The Four Research Based Functions of Behavior: Using the Language of Applied Behavior Analysis
When I ask my Supervision and Test Prep Students to identify the four research-based functions of behavior, I have increasingly heard folks substitute 'Sensory' for Automatic Reinforcement and put 'Tangible' in the place of Access.
The mistaken identification of 'Sensory' rather than Automatic Reinforcement presents a different and, potentially, even problematic substitution to the four research based functions of behavior in its inference that 'sensory problems' are somehow a component part - a 'function' - of an autism diagnosis. Not only is this inaccurate but it creates a strongly misleading hypothetical construct.
Automatic Reinforcement, which includes smoking, tapping one's leg incessantly and twirling pens (one of my favorites!) to a wider range of stereotypical behaviors, is more than just a sensory feedback loop. Closely related is the point that Automatic Reinforcement is not socially mediated but acts more - I'd argue - as a kind of free operant.
Automatic Reinforcement, even with an active sensory feedback loop, can still quickly become environmentally intertwined. Say, for instance, a child who engages in leg tapping in school without even being self aware is suddenly reprimanded by his teacher...and this then happens several times. The child may come to realize that he can stop the class, get attention, perhaps be told to sit in the back by himself until he can 'get his leg under control' simply by leg tapping.
With this action by the teacher, a functional /escape avoidance behavior has been mistakenly taught and shaped. What WAS Automatic Reinforcement now has taken on both Automatic Reinforcement and Escape/Avoidance functions. It then becomes up to us, and a good ecological functional behavioral assessment, to tweak the different conditions in order to respond most effectively.
I've also had a number of folks identify 'Tangible' in place of the Access function.
There is no presumption that an individual is trying to access tangibles since tangibles are but one element of an Access function. Access can mean tangibles; it can mean different activities/social events; it can mean access to idiosyncratic preferences...like sitting and tapping ones leg. Access can also mean a blend across these variables.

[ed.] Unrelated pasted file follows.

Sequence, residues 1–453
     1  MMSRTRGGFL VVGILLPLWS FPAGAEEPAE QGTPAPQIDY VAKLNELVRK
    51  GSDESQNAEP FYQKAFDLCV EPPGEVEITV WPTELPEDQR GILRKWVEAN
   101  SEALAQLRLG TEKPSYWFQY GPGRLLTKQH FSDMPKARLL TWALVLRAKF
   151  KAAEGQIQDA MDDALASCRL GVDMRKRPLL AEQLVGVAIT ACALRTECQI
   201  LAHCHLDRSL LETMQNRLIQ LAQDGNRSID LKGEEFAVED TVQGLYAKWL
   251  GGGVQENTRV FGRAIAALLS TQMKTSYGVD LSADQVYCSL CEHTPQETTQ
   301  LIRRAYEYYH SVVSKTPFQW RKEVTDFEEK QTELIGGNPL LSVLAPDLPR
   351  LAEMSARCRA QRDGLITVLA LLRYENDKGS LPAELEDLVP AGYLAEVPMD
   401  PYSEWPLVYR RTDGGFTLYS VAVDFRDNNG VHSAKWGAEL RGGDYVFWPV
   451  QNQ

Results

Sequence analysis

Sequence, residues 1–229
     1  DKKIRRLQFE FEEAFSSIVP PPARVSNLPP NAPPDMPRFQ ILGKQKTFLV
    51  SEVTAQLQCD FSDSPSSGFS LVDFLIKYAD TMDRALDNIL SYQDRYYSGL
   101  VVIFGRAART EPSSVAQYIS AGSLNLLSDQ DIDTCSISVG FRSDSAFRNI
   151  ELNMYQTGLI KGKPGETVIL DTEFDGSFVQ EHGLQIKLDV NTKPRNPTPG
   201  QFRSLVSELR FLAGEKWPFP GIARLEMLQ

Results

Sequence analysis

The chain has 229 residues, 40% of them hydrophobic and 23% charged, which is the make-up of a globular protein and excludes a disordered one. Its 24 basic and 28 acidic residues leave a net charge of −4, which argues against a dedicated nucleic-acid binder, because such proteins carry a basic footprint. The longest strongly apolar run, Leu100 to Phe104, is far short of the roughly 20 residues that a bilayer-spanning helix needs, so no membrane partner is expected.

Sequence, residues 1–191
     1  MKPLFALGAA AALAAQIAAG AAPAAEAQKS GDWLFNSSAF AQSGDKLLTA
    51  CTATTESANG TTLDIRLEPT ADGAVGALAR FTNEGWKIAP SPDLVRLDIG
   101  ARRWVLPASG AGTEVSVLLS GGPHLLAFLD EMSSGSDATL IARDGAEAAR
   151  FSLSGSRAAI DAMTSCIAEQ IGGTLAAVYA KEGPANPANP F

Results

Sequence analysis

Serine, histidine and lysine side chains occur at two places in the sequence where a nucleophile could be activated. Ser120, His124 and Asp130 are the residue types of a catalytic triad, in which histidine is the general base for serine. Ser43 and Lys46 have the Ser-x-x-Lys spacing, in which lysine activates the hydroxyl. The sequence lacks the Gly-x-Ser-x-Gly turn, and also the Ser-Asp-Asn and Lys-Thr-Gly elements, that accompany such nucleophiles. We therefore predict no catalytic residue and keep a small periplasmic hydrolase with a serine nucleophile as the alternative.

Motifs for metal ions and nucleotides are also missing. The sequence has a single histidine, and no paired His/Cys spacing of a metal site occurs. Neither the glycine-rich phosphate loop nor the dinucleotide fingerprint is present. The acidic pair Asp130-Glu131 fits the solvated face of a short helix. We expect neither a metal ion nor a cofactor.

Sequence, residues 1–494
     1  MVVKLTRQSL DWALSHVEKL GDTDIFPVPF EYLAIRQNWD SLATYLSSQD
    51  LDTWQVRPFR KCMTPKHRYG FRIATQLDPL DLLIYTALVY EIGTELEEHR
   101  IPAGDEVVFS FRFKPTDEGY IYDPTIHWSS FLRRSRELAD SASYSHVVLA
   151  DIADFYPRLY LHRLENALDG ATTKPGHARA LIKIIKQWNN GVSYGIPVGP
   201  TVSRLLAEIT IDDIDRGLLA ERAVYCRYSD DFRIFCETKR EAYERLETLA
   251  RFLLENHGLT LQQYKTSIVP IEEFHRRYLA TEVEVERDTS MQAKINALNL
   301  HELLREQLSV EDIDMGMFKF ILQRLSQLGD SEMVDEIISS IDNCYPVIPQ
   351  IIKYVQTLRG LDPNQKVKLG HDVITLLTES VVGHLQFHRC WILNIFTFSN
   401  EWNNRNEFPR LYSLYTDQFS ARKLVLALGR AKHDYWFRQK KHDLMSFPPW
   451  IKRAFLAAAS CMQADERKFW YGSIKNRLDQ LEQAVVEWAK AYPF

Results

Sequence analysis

Access and Attention functions may become closely interconnected since to get something one wants, the person - and especially a child - often still needs to first get the attention of a primary other. Here, Access would be primary with Attention a secondary function. This is also a reason why quick FBA report devices too often wind up defaulting to Attention whether or not Attention actually is the primary function.
I routinely examine behavioral relationships beyond the four primary functions which I consider secondary functional behavioral relationships as part of my full ecological behavioral assessment process. Among these 'secondary functional behavioral relationships' is one referenced in work done by Greg Hanley and identified (slightly paraphrased here) as 'expected response to mands.'
Such 'revisions' to the language of Applied Behavior Analysis are among the reasons so many competent people are not passing the BCBA exam and then sometimes trip over it more than a time or two. Drilled rote memorization and engaging mock exams/test review processes which fail to explain or give any reasons why questions are either right or wrong are additional reasons for this lack of success.
Once folks receive their board certification and start work as entry level Board Certified (Clinical) Behavior Analysts, we can do the very much needed work on and further development of our field. But to pass the BCBA exam; to start with a strong foundation as a new Clinical Behavioral Analyst, our language and application must remain consistent.